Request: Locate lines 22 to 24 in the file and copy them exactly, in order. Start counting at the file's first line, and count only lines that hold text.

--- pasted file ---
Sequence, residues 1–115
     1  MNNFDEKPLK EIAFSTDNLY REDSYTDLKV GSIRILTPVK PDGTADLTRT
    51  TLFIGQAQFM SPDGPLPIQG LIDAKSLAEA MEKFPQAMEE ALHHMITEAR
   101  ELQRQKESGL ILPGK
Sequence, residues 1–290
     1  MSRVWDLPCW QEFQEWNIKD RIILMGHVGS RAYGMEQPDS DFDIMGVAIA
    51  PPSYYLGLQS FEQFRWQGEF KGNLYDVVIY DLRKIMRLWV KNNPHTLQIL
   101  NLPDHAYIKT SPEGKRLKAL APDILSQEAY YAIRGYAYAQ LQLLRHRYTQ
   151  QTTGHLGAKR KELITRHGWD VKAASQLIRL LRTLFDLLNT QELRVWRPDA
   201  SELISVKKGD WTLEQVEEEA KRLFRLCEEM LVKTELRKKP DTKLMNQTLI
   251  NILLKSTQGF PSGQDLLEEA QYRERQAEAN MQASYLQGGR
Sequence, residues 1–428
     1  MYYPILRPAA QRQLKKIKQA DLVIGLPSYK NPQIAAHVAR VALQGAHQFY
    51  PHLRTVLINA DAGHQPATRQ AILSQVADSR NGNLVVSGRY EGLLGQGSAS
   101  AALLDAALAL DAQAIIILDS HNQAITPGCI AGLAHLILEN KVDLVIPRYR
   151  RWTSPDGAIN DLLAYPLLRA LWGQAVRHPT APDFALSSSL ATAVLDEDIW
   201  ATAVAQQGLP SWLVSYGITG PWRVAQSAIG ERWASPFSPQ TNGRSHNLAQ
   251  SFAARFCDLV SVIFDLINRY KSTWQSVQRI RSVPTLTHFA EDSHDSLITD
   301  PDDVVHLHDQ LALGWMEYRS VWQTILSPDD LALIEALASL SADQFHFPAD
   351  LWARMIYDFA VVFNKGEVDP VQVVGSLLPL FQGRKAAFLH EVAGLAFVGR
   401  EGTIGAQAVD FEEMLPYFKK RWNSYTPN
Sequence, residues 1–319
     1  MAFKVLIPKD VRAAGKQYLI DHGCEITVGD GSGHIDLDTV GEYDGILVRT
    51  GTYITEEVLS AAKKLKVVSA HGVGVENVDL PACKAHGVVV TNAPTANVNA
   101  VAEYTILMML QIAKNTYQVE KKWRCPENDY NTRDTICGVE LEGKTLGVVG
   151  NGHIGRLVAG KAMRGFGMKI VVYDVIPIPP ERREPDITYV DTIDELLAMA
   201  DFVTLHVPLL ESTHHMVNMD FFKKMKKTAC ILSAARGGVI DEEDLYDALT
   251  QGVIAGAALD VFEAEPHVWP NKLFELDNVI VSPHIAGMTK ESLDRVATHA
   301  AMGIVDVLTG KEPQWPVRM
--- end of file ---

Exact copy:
Sequence, residues 1–319
     1  MAFKVLIPKD VRAAGKQYLI DHGCEITVGD GSGHIDLDTV GEYDGILVRT
    51  GTYITEEVLS AAKKLKVVSA HGVGVENVDL PACKAHGVVV TNAPTANVNA